From the Director’s Desk: Teen Voices in Our Work

The three pieces we have assembled for you in this issue of the Journal of Youth Engagement have several elements in common that are worth highlighting. As youth professionals, Becky, PJ and Laura all point to the need to ensure that teen voices are being heard.First – since we know our programs are most attractive when they are relevant and meaningful to our teen audience, it is vital to bring them into the thinking and planning process. Sometimes, obtaining teen input isn’t easy. The most important voices can be the hardest ones to find, because they are the teens who are not participating. We have to figure out how to reach them, and we are finding that teens are often the best people to reach their own peers.

Another element we’ve learned is that – in order to be most helpful – teens benefit from clearly framed questions, to which they can answer with constructive comments. Today’s teens often don’t know how to answer the question: “what else can we be doing? Or “what is next on your Jewish journey?” They don’t see themselves as being on Jewish journeys! So we, as youth professionals, need to step back and ask them questions they are comfortable and able to answer.

Perhaps ones like: “how do you spend your ‘down’ time?” Or “what causes do you care most about?” Or “what do you want to do that is not being offered in our community?” Our youth don’t realize that, more often than not, there are connections between their own commitments, interests, and passions – and Jewish life. It’s our job to demonstrate these connections. We can’t always expect them to see or imagine these opportunities.

The last common thread between these three journal pieces – is the vital role clergy play in youth engagement. Just being physically present makes a significant difference. When clergy (and other Jewish youth professionals) ask teens questions about what is important to them, it helps them strengthen connections between their daily lives and Jewish practice. Teens appreciate it when they are noticed, when they feel they count, when what they are doing matters to other people.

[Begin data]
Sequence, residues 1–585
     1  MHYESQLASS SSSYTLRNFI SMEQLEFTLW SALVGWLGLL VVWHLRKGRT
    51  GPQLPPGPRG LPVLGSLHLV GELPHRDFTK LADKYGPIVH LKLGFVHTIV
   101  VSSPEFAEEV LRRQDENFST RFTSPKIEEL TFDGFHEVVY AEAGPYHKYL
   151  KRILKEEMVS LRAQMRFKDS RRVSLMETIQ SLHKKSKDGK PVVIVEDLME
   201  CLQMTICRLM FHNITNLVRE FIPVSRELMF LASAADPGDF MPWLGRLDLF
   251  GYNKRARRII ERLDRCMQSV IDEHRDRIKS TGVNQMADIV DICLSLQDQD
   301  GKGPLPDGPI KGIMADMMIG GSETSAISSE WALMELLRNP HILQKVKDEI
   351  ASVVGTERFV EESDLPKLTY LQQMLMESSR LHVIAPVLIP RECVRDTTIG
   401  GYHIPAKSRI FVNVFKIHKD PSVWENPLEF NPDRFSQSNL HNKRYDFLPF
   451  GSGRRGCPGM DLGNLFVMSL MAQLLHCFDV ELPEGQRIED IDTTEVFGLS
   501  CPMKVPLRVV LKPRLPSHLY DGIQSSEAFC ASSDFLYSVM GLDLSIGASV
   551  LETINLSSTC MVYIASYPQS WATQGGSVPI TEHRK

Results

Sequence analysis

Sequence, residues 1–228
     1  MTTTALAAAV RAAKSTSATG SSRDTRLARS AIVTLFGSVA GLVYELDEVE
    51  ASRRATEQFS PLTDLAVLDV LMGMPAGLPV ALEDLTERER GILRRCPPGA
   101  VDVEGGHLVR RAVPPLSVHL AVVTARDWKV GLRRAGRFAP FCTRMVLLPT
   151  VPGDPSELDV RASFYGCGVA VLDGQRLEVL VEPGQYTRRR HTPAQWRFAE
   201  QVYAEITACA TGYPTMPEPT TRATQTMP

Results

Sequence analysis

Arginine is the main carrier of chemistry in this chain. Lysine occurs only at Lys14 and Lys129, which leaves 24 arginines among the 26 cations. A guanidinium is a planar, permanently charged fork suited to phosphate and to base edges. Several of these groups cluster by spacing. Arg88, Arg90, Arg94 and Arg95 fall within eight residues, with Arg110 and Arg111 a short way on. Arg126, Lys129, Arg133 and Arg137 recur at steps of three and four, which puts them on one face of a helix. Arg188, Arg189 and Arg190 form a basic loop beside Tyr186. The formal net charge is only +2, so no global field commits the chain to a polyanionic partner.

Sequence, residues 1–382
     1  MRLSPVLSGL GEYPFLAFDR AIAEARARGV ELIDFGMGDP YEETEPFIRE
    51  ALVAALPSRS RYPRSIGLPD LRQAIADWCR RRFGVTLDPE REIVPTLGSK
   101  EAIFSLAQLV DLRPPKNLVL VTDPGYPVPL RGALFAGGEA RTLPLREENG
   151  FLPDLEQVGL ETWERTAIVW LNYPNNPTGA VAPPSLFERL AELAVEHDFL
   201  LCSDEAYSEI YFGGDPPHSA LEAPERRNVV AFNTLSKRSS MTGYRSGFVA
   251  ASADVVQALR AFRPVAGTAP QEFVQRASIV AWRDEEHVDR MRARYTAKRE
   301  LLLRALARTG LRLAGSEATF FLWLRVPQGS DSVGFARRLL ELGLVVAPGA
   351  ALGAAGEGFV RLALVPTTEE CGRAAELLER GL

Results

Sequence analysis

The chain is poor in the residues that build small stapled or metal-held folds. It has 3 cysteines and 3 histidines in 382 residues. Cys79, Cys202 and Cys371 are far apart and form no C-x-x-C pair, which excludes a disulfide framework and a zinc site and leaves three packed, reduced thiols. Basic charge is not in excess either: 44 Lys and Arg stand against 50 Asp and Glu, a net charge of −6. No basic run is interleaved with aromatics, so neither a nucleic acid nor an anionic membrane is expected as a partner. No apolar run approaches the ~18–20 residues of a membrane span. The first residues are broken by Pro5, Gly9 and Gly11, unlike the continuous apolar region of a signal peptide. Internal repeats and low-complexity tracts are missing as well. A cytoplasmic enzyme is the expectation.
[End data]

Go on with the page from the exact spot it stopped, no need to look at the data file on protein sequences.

Our clergy can make sure their teens know them, and have access to them. That their doors, like PJ’s door, are always open – physically, by text, or even online. Our world is challenging for us, and all the more so for our teens. Being present for them and seeking out their thoughts and ideas are foundational elements of youth engagement.



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Rabbi Bradley Solmsen

About Rabbi Bradley Solmsen

Bradley Solmsen serves as the North American Director of Youth Engagement for the Union for Reform Judaism (URJ). For eleven years Bradley served as Director of Brandeis University’s Office of High School Programs which includes BIMA, Genesis, and Impact: Boston. Rabbi Solmsen was ordained at The Hebrew Union College – Jewish Institute of Religion in New York and received a masters degree in Jewish education from the Jewish Theological Seminary. He has extensive experience as a Jewish educator in Israel and North America working with teenagers and college students and training Jewish educators. Bradley is married to Aliza Kline and is the proud abba of Ela, Gila and Nomi.

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